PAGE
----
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The explosions at the Fukushima nuclear reactors were caused by a build of hydrogen. I was wondering where this hydrogen came from.

This question Fukushima - Isn't the hydrogen presence a proof of meltdown? suggests that the hydrogen is caused by thermolysis of water.
But surely this can't be the case? If it were, wouldn't it require the hydrogen and the oxygen to be separated whilst they cooled - else they would recombine into water in a more gradual fashion as the gases cool once they are clear of the scorching hot fuel rods?

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up vote 8 down vote accepted

This was (one of the few) facts reported clearly and correct in German news.

The Zirconium metal of the fuel tubes reacts with water vapor at elevated temperatures (above 1200 °C if I remember correctly) The reaction is simply: Zr + 2 H2O => ZrO2 + 2 H2 This is proof, that parts (at least) of the fuel rods were not immersed in water, but it does not prove melting.

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This reaction is exothermic unfortunately. So, if we see it, it's very very unlikely that there is no meltdown, especially looking at 1800C Zirconium melting temperature.. – BarsMonster Mar 16 '11 at 4:50
@Barsmonster Ah, You know data about relation of the heat of this reaction compared to the heat of the radioactive decay process and the "doing" of the rest of water presumably at the bottom? Let us know! – Georg Mar 16 '11 at 11:00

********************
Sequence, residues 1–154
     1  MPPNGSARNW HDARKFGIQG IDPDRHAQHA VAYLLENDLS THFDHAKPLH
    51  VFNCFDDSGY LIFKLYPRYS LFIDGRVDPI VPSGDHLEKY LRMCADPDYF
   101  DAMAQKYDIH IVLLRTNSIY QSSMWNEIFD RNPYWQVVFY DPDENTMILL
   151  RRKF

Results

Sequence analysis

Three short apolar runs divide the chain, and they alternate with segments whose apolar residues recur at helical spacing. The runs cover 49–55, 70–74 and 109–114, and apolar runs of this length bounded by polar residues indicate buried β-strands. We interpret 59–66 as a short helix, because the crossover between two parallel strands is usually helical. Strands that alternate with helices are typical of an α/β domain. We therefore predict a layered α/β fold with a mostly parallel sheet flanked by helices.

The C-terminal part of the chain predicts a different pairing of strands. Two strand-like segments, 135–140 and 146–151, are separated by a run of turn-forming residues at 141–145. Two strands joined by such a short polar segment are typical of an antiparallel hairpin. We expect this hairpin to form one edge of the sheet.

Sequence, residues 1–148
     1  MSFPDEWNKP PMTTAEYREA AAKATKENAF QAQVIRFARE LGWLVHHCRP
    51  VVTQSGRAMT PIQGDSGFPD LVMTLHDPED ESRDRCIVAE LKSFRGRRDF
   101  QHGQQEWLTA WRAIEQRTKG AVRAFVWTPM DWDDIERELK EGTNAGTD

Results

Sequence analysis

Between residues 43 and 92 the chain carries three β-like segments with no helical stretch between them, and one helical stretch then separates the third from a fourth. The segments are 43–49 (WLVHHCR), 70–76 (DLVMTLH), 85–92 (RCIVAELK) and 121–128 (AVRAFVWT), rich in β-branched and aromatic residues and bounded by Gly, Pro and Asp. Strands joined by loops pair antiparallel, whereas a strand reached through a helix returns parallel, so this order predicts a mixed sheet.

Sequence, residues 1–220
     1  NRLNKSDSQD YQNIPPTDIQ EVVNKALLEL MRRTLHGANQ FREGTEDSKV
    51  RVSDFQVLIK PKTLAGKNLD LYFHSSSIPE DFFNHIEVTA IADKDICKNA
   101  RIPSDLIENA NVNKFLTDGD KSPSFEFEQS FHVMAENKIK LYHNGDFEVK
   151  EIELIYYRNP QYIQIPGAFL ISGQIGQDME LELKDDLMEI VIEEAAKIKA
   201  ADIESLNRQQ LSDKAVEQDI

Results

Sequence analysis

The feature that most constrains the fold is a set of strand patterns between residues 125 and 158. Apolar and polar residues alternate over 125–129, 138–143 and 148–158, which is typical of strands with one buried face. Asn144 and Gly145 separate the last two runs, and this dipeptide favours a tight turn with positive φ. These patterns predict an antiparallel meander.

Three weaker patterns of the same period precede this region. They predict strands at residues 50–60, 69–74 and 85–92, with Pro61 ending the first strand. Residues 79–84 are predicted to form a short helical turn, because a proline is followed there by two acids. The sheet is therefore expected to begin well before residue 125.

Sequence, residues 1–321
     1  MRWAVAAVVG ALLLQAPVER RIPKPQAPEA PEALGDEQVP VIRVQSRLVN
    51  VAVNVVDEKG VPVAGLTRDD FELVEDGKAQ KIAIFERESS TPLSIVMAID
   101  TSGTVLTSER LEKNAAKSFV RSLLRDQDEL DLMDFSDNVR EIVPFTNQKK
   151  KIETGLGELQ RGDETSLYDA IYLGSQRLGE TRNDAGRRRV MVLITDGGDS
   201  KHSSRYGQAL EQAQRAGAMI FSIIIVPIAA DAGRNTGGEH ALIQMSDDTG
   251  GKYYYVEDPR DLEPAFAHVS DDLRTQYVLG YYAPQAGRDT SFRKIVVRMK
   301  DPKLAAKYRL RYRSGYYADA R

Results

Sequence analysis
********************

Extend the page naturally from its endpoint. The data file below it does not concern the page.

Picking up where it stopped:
No precise numbers, just common sence: We need 1200-1400C to see Zr+H2O reaction, and we need just 400C more to see meltdown. Reaction itself does not consume any heat, so there is nothing here to stop it from heating 400C more. We already did 85% of the way, and nothing stopping us at the last 15% ) – BarsMonster Mar 16 '11 at 13:41
PS, In case you're wondering, why use zirconium if it's so risky? The answer is, it doesn't absorb many neutrons. It's by far the most practical material that can contain the fuel pellets over their entire useful life, without disintegrating due to neutron embrittlement. – james large Nov 15 '15 at 14:09

If oxidation is the result of hydrogen gas, this means the Zirconium tubes holding the pellets of fissile are corroding. If the core temperature is 2500 C, thermolysis of water could be a significant contributer of hydrogen.

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ChrisF excluded thermolysis in his question already with good arguments! – Georg Mar 15 '11 at 18:15
O, O2, H, H2 and OH are the main products of thermolysis. H2 and O2 will not recombine after cooling. – user2566 Mar 16 '11 at 1:02
Also, at 2500C whole core and it's casing would be a nice blob of molten metal. – BarsMonster Mar 16 '11 at 4:52

Of course, it is not from neutrons going beta to Hydrogen, that should be a hell of neutrons.

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